Construction, an industry where Latinos are seeing a lot of growth across the United States
During GPHCC’s 2021 Closing the Gap Conference, a panel discussion provided an overview of the industry in Philadelphia.
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On a national level, the construction industry is seeing a lot of growth in Latino entrepreneurship.
Between 2011 and 2019, Hispanic construction workers in the U.S. increased by 55% and according to the Brookings Institution, make up about 27% of construction workers in the country.
This has opened the door to Latino entrepreneurship in the industry. However, in Philadelphia the number of Hispanics in the construction industry pales in comparison.
The Greater Philadelphia Hispanic Chamber of Commerce is doing its part in helping the few Latino entrepreneurs in the industry scale their businesses.
Jennifer Rodriguez, President and CEO of the Greater Philadelphia Hispanic Chamber of Commerce (GPHCC) underscored that in the next 10 to 20 years, the construction industry will see a boost, lending itself to many opportunities.
She credited the imminent boost to a decaying infrastructure, the current affordable housing crisis and the demand for new units.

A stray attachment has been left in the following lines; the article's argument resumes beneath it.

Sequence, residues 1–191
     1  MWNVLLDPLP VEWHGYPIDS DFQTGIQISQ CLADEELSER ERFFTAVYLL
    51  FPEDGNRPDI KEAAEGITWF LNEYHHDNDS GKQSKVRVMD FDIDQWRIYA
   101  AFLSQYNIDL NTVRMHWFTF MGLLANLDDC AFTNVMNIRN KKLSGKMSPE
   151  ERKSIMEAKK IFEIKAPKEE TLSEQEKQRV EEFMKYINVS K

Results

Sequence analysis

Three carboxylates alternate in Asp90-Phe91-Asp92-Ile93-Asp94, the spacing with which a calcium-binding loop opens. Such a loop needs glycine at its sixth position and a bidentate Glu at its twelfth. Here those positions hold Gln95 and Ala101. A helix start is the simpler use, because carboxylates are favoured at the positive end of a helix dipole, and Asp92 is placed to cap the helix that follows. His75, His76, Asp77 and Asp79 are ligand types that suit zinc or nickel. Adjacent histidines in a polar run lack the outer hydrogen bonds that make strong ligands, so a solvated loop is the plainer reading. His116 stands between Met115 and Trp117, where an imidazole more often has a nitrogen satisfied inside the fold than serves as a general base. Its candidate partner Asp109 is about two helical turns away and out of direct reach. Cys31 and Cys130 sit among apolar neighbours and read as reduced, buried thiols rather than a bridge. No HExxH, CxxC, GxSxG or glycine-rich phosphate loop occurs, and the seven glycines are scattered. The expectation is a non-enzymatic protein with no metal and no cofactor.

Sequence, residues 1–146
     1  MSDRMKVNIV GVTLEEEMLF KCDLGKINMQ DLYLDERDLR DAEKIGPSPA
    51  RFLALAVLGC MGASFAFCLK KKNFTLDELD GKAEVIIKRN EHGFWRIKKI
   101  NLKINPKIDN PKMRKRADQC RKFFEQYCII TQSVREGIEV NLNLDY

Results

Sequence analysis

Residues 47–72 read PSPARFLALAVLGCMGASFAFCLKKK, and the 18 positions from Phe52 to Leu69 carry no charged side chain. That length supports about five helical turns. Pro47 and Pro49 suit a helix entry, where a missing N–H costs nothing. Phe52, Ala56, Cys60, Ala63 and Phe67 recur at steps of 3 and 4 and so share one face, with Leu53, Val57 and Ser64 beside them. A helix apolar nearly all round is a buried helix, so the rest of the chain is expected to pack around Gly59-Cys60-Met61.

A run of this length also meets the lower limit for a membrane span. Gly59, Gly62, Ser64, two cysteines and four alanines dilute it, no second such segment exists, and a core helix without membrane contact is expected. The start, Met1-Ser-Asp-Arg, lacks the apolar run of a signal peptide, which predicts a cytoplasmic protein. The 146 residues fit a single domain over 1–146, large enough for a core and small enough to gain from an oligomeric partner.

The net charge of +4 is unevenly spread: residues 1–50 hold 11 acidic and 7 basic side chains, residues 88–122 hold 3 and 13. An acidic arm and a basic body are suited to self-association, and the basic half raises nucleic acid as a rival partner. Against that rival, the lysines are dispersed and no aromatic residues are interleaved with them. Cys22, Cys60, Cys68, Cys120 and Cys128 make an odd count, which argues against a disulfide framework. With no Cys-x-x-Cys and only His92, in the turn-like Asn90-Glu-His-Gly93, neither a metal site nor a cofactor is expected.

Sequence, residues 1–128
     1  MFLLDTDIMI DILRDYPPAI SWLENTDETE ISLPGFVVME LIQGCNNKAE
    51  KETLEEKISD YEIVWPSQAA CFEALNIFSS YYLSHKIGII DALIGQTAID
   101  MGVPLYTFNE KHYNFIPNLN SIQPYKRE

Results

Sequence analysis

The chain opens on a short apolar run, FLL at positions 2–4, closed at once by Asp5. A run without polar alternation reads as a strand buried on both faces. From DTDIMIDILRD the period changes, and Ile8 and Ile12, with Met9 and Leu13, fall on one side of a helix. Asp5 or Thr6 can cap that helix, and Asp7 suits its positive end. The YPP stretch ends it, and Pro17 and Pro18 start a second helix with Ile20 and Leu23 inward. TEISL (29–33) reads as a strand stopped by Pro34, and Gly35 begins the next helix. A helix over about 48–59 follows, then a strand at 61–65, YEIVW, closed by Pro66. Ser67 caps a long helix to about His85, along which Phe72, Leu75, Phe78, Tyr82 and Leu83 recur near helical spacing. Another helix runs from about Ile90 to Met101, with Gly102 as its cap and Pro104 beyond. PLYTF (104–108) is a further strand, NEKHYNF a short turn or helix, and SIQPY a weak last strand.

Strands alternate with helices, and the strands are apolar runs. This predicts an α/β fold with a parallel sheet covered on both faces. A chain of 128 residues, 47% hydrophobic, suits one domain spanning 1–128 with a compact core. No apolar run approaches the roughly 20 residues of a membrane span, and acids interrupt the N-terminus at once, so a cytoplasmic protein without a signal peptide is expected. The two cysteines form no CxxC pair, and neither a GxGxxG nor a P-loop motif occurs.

With help, Latinos can play a significant role in that development.
“While Latinos are the backbone of the construction industry on the labor side,” said Rodriguez. “We are not necessarily taking ownership, we’re not creating businesses and we’re not growing businesses in the construction industry at a rate that we would like.”
On Wednesday, Oct. 20, the GPHCC hosted its annual Closing the Gap Conference, an annual event to discuss and provide tips on how to accelerate opportunities for Latinos within the region’s fastest growing sectors and industries.
During the event, Rodriguez moderated a panel discussion which provided an overview of the construction industry, featuring Lou Rodriguez, Dayanna Cardenas and Mike Diaz.
For Diaz, his decision to go into entrepreneurship was prompted by a realization that was years in the making.
“The main reason I did it was because I didn’t feel there were enough Black and Brown people in the industry,” he said.
He worked several years as a transmission manager at PECO, project manager at a construction company and more recently as the vice president at a utilities company.
When he felt that the workforce wasn’t accurately reflecting the communities being served, Diaz wanted to do something about it.
Two weeks after sending his letter of resignation, he started his own company, Semper Utilities, LLC.
“I went a year-and-a-half without taking a penny, but here we are in year three,” said Diaz. “We’re 40 million in and growing.”
Lou Rodriguez is a civil engineer by training who did not receive any business training.
While working at the Philadelphia Water Department, he often came in contact with many consultants whose jobs were similar to his, but did the work for themselves.